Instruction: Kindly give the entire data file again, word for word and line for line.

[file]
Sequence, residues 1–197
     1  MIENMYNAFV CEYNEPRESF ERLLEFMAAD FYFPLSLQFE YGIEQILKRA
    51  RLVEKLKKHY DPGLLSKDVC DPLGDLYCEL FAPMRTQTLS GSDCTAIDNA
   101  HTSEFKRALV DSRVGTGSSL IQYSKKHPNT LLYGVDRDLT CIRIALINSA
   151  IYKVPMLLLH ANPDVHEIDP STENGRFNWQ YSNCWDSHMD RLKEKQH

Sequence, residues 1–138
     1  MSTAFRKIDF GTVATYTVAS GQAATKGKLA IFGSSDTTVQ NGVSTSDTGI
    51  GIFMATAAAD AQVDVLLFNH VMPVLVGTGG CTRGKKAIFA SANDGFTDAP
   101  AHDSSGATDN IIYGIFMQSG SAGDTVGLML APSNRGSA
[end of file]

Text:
Sequence, residues 1–197
     1  MIENMYNAFV CEYNEPRESF ERLLEFMAAD FYFPLSLQFE YGIEQILKRA
    51  RLVEKLKKHY DPGLLSKDVC DPLGDLYCEL FAPMRTQTLS GSDCTAIDNA
   101  HTSEFKRALV DSRVGTGSSL IQYSKKHPNT LLYGVDRDLT CIRIALINSA
   151  IYKVPMLLLH ANPDVHEIDP STENGRFNWQ YSNCWDSHMD RLKEKQH

Sequence, residues 1–138
     1  MSTAFRKIDF GTVATYTVAS GQAATKGKLA IFGSSDTTVQ NGVSTSDTGI
    51  GIFMATAAAD AQVDVLLFNH VMPVLVGTGG CTRGKKAIFA SANDGFTDAP
   101  AHDSSGATDN IIYGIFMQSG SAGDTVGLML APSNRGSA